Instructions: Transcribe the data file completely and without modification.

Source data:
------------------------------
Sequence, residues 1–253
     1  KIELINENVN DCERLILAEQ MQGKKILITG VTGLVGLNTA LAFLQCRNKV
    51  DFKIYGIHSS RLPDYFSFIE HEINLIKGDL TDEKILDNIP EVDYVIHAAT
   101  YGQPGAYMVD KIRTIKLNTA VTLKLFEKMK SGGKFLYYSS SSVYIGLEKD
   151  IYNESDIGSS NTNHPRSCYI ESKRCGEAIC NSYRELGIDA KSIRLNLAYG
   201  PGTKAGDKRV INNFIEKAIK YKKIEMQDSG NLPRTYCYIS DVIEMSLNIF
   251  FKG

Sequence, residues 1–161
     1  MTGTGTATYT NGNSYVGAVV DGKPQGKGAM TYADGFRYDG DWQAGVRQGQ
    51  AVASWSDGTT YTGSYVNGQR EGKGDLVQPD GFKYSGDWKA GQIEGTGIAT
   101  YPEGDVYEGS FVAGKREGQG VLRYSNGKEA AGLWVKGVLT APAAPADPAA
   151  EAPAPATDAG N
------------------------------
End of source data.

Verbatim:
Sequence, residues 1–253
     1  KIELINENVN DCERLILAEQ MQGKKILITG VTGLVGLNTA LAFLQCRNKV
    51  DFKIYGIHSS RLPDYFSFIE HEINLIKGDL TDEKILDNIP EVDYVIHAAT
   101  YGQPGAYMVD KIRTIKLNTA VTLKLFEKMK SGGKFLYYSS SSVYIGLEKD
   151  IYNESDIGSS NTNHPRSCYI ESKRCGEAIC NSYRELGIDA KSIRLNLAYG
   201  PGTKAGDKRV INNFIEKAIK YKKIEMQDSG NLPRTYCYIS DVIEMSLNIF
   251  FKG

Sequence, residues 1–161
     1  MTGTGTATYT NGNSYVGAVV DGKPQGKGAM TYADGFRYDG DWQAGVRQGQ
    51  AVASWSDGTT YTGSYVNGQR EGKGDLVQPD GFKYSGDWKA GQIEGTGIAT
   101  YPEGDVYEGS FVAGKREGQG VLRYSNGKEA AGLWVKGVLT APAAPADPAA
   151  EAPAPATDAG N